Everything the Church has to say, then, becomes relevant only if it has a concrete connection with reality. It becomes, ultimately, political. But the risk is that the Church becomes one voice among many, loved if it says what is expected from common sense, hated and marginalized when it speaks otherwise. The risk is that of a less free Church. There is already an apostolic exhortation, the Laudate Deum, which is linked to a contingent issue, makes a political speech and will be the basis of the speech that the Pope will give at the COP28 in Dubai on December 2nd. But is this the profound meaning of the Church? Indeed, the Church, the Pope, is called to speak with a political language, like one of the many world leaders.
The fourth aspect concerns language. The reform of the Pontifical Academy of Theology also asks us to borrow categories that come from outside the narrow sphere of theology. But that was what happened with Liberation Theology in Latin America when Marxist sociology provided the theoretical basis for the Church to engage on a social level.
It was true that there was a need for a response here and now to a crisis, and in fact, the Holy See did not condemn all of liberation theology. It is also true that using categories that are not religious distorts the critical and theological thought of faith. Until now, the commitment has always been to innovate thinking, looking at contemporary production, but without distorting the mission and ideas. Currently, there is the risk of distorting the mission and ideas.
Pope Francis’ cultural revolution thus risks taking the Church back into a debate that arose after the Second Vatican Council and which seemed overcome. Paradoxically, in wanting to move forward at all costs, we risk going backward. This happens when thought is political and sociological and instead loses sight of the religious dimension. And it is true that the Pope, in the reform text, asks for developing “wisdom” thinking. Wisdom, however, that risks being simply pastoral or mystical. A balance will have to be found, and it is easy to imagine that a lot will depend on the people implementing this reform.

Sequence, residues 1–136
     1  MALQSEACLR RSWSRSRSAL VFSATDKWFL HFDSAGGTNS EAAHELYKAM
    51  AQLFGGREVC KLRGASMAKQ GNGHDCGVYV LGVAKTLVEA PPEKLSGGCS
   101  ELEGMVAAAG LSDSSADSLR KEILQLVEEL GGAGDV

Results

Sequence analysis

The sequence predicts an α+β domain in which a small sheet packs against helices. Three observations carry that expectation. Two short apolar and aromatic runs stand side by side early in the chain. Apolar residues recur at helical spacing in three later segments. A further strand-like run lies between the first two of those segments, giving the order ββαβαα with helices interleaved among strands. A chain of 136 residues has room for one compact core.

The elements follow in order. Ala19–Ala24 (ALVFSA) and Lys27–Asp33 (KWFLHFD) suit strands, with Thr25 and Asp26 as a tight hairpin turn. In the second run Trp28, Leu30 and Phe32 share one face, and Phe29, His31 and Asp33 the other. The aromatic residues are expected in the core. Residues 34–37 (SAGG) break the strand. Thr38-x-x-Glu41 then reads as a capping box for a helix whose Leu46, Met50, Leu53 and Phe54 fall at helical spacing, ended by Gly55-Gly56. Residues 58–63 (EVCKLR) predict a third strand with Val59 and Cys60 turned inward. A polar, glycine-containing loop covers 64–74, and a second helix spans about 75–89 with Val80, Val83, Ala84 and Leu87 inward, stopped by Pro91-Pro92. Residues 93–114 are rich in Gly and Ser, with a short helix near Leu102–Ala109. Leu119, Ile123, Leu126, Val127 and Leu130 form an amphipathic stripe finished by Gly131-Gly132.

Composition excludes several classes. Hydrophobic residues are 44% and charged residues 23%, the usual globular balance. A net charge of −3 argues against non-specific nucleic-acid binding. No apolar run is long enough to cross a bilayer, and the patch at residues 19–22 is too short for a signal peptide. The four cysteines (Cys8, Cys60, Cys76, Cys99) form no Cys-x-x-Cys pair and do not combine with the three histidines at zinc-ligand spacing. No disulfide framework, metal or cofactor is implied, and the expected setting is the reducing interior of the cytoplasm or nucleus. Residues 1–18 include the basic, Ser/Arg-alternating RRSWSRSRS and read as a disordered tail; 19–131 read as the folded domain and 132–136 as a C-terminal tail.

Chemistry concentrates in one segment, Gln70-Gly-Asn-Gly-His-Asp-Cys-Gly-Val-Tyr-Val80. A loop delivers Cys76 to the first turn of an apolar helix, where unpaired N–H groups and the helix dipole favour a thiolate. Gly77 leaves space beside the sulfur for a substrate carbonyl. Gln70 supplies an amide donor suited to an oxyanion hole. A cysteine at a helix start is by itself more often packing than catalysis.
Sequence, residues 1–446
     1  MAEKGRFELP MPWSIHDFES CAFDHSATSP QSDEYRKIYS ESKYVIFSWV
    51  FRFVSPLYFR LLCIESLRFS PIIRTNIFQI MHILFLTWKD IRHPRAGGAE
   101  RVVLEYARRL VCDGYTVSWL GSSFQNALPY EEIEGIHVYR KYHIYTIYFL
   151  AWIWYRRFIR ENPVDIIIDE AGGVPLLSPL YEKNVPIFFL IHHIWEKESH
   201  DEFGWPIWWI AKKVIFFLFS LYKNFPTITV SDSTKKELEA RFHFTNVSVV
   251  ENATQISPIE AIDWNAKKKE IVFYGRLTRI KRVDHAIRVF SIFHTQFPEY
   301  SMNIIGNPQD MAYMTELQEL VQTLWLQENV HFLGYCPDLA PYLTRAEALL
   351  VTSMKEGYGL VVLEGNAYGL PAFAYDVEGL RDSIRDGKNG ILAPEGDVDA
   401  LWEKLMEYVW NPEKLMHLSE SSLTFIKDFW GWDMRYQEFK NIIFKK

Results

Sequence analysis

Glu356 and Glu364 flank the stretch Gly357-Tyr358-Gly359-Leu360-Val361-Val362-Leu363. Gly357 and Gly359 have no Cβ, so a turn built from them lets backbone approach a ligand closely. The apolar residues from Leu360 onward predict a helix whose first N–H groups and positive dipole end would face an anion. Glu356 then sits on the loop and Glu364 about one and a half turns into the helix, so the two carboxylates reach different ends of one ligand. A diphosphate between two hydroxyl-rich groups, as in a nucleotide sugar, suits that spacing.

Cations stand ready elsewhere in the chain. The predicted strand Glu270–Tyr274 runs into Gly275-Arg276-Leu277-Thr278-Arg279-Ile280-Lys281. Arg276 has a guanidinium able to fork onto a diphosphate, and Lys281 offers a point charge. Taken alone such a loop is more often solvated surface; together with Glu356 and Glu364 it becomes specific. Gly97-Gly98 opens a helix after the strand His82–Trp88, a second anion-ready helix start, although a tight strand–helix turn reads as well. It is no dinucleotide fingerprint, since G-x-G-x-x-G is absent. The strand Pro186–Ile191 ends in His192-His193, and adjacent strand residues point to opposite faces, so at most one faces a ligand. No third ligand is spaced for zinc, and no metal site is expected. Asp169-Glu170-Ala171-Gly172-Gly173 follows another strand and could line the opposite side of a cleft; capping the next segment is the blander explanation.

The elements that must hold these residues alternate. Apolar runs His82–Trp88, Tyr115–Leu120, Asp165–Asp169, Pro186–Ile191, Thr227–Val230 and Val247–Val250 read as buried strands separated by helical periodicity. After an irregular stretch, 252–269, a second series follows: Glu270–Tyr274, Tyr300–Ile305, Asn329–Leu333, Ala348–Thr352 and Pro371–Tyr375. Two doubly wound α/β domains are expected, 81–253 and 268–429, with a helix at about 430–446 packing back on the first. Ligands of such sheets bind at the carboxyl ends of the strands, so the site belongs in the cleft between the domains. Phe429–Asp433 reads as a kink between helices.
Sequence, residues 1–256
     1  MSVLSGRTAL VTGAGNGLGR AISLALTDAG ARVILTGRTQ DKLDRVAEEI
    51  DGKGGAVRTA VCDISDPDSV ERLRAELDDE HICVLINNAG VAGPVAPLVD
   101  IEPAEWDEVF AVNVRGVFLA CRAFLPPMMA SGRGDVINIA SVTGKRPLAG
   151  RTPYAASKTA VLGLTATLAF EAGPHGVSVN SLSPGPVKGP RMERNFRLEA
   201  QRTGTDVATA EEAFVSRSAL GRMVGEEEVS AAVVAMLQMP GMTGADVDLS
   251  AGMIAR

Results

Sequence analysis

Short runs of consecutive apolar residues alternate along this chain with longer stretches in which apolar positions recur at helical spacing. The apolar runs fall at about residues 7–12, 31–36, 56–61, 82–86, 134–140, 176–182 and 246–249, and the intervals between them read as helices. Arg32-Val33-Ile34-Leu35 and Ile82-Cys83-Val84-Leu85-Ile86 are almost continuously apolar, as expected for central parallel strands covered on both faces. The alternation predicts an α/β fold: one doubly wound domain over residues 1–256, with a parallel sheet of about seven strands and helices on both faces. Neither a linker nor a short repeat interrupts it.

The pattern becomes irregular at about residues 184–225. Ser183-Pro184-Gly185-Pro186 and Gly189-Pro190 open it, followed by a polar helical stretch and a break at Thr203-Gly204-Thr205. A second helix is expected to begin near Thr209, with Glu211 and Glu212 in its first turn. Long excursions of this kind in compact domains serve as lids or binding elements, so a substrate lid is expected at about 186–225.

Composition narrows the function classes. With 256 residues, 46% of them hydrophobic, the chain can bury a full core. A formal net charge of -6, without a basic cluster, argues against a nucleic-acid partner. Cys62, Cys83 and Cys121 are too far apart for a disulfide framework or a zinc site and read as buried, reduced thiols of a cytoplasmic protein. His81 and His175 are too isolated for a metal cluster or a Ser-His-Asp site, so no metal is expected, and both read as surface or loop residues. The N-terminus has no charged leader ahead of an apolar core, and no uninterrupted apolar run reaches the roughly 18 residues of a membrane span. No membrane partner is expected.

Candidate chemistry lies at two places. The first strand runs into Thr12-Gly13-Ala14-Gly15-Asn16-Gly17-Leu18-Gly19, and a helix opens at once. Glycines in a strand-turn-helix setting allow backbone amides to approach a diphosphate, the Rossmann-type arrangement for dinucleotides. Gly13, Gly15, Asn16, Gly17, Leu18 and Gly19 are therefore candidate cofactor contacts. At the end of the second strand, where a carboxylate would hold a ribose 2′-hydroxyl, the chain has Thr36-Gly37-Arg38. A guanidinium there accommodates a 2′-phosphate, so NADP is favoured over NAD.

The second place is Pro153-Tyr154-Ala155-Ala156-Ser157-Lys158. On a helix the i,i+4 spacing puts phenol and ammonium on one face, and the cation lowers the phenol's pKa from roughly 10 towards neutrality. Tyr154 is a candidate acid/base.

People will be crucial. The Synod showed that the cultural question was much debated. Although the final text had a two-thirds majority on all points, the fact that there were 1251 amendments before approval testifies that the direction taken by the assembly was not that of radical change, nor of total listening and inclusivity, but rather that of a Church that listens and is anchored in tradition. A Church, in short, which sought to go beyond the question of her impact on the world and to preserve her identity.
Pope Francis, however, had already decided to change the paradigm previously and has not gone back. From the Synod, he only drew what seemed to confirm his idea of the Church. The narrative that he has put forward is that now the Synod is genuinely the one thought of by Paul VI (who, however, wanted a Synod of bishops, not a Synod open to all) and that those who resist are instead “backwardists”. And those who support the narrative give interviews to say that there is no turning back from this new paradigm.
Indeed, the problems to be faced are different, and although we can trust the Church, the concern is legitimate. Some say that the Cardinals’ Dubia had a substantial impact on the debate, leading to a final text of the Synod that was weaker than previously thought. The truth is that the Dubia has landed on fertile ground. They spoke of the concerns of many. In the Church, however, we often don’t put ourselves in the spotlight. We work behind the scenes to create communion.
It will probably be like this even after the reform of the Pontifical Academy of Theology. A reform which, ultimately, is influenced by the concept of “incarnate spiritual theology” of Cardinal Victor Fernandez, the pop theology of Bishop Antonio Staglianò, president of the Academy, and a philosophical debate that knows a lot about Latin America in the 1970s, when we approached the idea of “transdisciplinarity” in search of a synthesis of thought that was also a typically local, popular, South American thought, and which wishes to become a “source theology.”
The Pope has indicated a path, and it is now to be seen how the Church can develop it. It is not certain that it will be in the sense that Pope Francis thinks, but this should not be taken as backwardness. It is, rather, the ancient need to innovate tradition and innovation, resulting from the fact that revelation, for the Church, has already come with Jesus Christ.